President has no discretion in removing election commissioner: Centre
May 9, 2007 - 10:34:16 PM
New Delhi, May 9 - The union government Wednesday told the Supreme Court that the constitution does not vest discretionary power on the president on issues related to removal of Election Commissioner Navin Chawla.
Additional Solicitor General Gopal Subramaniam told a bench of Justice Ashok Bhan and Justice Dalveer Bhandari that the president could not take an independent decision to forward the Bharatiya Janata Party's complaint addressed to him to the Chief Election Commissioner N. Gopalswami for appropriate action.
The bench was hearing a writ petition by senior BJP leader Jaswant Singh seeking removal of Chawla from the post of election commissioner for his alleged bias in favour of the Congress party.
Subramaniam said that the president needs the aid and advice of the union council of ministers to take any decision on a representation made to him as he has no discretionary power.
The law officer contended that the president was merely a receiving authority of any kind of representation or complaint and he has to automatically refer them to the union cabinet for advice.
Singh in his petition to the court had contended that under Article 324 - of the constitution, the centre was under constitutional obligation to refer the memorandum seeking Chawla's removal to the Chief Election Commissioner.
Subramaniam asserted that the president could not directly send any representation to the chief election commissioner and had to take the Cabinet's advice.
'Article 324 does not vest the president with any discretion to bypass the Cabinet and send any representation made to him regarding the removal of Election Commissioner directly to the Chief Election Commissioner,' he said.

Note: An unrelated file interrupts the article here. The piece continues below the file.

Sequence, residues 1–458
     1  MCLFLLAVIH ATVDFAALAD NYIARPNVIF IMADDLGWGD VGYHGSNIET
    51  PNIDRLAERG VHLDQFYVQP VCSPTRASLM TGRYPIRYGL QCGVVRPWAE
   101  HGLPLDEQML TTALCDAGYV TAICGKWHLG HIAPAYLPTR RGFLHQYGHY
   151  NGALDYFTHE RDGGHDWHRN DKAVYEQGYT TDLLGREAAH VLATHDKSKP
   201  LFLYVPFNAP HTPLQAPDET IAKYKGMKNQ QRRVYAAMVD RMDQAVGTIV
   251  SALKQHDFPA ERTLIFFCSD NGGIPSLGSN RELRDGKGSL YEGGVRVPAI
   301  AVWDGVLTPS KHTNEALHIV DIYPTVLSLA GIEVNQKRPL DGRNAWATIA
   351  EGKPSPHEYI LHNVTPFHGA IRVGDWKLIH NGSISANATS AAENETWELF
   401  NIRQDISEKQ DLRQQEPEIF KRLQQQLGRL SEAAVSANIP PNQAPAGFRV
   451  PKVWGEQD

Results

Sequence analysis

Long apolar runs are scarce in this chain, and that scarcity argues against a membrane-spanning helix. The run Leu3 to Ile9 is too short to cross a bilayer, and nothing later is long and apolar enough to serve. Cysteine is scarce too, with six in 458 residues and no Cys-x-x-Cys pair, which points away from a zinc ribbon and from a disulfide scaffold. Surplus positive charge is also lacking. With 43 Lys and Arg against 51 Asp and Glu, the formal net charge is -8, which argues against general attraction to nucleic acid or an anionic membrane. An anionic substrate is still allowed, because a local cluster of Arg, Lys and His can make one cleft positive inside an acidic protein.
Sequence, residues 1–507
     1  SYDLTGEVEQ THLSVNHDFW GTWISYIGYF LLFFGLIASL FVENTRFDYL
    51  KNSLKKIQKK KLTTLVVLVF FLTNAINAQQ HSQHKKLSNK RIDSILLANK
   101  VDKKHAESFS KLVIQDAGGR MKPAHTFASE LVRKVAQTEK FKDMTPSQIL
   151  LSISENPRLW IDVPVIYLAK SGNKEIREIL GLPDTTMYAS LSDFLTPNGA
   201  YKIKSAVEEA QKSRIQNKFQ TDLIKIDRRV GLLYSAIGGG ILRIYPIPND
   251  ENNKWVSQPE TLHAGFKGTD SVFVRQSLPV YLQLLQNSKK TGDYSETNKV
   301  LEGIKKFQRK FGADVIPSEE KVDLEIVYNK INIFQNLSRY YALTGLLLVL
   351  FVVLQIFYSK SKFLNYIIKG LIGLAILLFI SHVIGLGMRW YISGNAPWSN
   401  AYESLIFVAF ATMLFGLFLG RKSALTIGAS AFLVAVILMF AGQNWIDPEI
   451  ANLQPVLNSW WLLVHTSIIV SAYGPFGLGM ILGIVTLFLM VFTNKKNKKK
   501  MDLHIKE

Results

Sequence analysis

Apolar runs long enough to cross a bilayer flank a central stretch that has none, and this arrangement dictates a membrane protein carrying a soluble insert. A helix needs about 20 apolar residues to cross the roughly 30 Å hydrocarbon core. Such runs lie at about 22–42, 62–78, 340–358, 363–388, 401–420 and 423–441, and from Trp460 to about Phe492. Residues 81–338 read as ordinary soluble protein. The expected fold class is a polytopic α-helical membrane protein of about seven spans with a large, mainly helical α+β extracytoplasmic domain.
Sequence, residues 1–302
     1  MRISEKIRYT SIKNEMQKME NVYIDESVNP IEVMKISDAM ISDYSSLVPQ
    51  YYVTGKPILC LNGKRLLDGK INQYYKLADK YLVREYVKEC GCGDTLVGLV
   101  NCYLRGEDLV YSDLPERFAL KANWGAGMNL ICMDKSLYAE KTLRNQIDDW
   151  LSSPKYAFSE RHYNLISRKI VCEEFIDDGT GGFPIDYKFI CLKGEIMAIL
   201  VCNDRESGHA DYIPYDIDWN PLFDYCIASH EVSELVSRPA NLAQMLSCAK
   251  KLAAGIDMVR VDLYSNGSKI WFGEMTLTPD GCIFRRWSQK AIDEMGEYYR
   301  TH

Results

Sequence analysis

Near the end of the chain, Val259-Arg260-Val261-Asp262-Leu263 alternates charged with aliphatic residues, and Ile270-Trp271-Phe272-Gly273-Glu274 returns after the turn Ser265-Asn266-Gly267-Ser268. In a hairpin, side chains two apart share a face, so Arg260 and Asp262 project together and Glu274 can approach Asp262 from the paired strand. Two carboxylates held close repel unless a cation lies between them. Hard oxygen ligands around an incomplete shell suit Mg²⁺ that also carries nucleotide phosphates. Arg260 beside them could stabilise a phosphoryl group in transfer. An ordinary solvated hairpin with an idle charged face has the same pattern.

'Removal of the EC is meant to be an exception and it is not a rule. If the government can initiate the proceeding for the removal of the election commissioner, then it has also the right to stay the proceedings,' Subramaniam contended.
He said if all the complaints for removal of the EC was directly sent to the CEC it would amount to diminishing the office of election commission and putting it to great disadvantage.
To a query by the bench on whether aid and advice of the council of ministers was needed if the office of the election commission was to be kept independent, the law officer said: 'Executive government comes at the initial as well as the final stage of the proceeding for the removal of election commissioner and even after the opinion of the chief election commissioner, the recommendation of the cabinet is required.'
Subramaniam contended that it was the government's responsibility to go through such representation to find out whether there is merit in such representation.
'If the Government passes the representation directly to the CEC then it would amount to abdicating its responsibilities vested to it by the constitution,' he said.
Arguments will continue Thursday.
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